Integra opens U.S. hub office in Charlotte

The Charlotte Business Journal published a great feature story to mark the opening of Integra Architecture’s office at Packard Place (pictured).

By Richard Cuebas, AIA, LEED-AP

You can read the story below or visit this link to also see the images and other information. As the story says, we see tremendous opportunities in the Queen City and have begun partnering with key players to make them happen. We look forward to reporting on the progress, there and elsewhere in America, as we move along.

By Ashley Fahey, Staff Writer, Charlotte Business Journal.

One Caribbean-headquartered architecture, engineering and project management firm has selected Charlotte for its first foray in the United States — in the coming weeks, Integra will launch its U.S. hub at HQ at Packard Place in uptown.

The firm, based in San Juan, Puerto Rico, has overseen more than 800 architecture and engineering projects, primarily in the Caribbean, that run the gamut from commercial and residential development, sustainable water-treatment plants, and public-private projects to build bridges, greenways and other infrastructure.

Integra, which has operated in the Caribbean since 2000, will be led locally by principal Richard Cuebas. He plans to hire a local workforce, primarily architects to start, to work on projects that reflect the company’s overarching objectives of sustainability and designing for the future.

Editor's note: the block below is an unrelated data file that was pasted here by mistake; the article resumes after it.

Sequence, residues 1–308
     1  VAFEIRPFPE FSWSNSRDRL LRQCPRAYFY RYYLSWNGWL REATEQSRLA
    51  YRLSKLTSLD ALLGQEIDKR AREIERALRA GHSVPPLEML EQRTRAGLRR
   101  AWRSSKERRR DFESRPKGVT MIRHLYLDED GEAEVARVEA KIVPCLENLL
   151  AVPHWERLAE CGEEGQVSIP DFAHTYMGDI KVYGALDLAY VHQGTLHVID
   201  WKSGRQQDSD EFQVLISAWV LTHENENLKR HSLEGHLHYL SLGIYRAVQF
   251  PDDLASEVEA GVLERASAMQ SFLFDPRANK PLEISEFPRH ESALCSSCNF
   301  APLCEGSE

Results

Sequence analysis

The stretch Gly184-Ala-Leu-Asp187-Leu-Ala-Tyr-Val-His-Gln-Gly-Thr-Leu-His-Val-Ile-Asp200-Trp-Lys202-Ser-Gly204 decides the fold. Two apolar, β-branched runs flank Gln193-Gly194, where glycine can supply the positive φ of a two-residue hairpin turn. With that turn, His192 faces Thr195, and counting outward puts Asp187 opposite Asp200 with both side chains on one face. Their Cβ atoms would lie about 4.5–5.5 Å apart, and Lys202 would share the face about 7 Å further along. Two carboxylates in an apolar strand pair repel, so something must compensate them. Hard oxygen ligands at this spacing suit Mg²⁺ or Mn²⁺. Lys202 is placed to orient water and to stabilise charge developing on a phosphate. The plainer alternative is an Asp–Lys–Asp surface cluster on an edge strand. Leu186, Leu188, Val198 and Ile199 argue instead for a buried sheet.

When deciding where to launch its U.S. hub, Integra principals honed in on 10 U.S. cities with populations roughly between 1 and 3 million that are undergoing a growth rate of 2% or more. And while Charlotte was ultimately the winner, Integra envisions eventual expansion into mid-sized, fast-growing U.S. markets such as Florida, Texas and Nashville, Tenn., with its U.S. base remaining in the Queen City.

“We’ve had quite a bit of experience in the Caribbean market and we want to bring this to the States,” said Alex Diaz, Integra business developer. “The growth has been so frantic down there, up until the last couple of years.”

Like many other real estate firms, Integra is eyeing the Lynx Blue Line for opportunities — not just in new development, but activating existing properties with “experience-driven” design and uses.

“(We want to) create integral destinations in all of these properties to become this magnet of buzzing activity,” Diaz said. “There’s this long strip south and north of individual destinations that add up to a fantastic district experience.”

Integra hopes to join the development boom along the existing light-rail line and the extension that will open next year — South End still plenty of opportunities, Diaz says.

Putting more emphasis on transit-oriented development and less on “expressway-oriented development” is what will help make Charlotte become a more “global city,” Integra leaders say. In fact, if more transit projects get approved and funded, Diaz says Charlotte has the potential to have at least 50 years of transit expansion — and with that comes cyclical development.

“From a development perspective, Charlotte has a unique opportunity to be (a city) in America that develops differently, that develops for this new generation that focuses on mass transit-centered living opportunities or the shared economy,” Diaz said. “That’s one of the reasons why we’re locating here, because (transit-oriented development) opens up design opportunities and urban experiences.”

DeepGreen: a sustainable advantage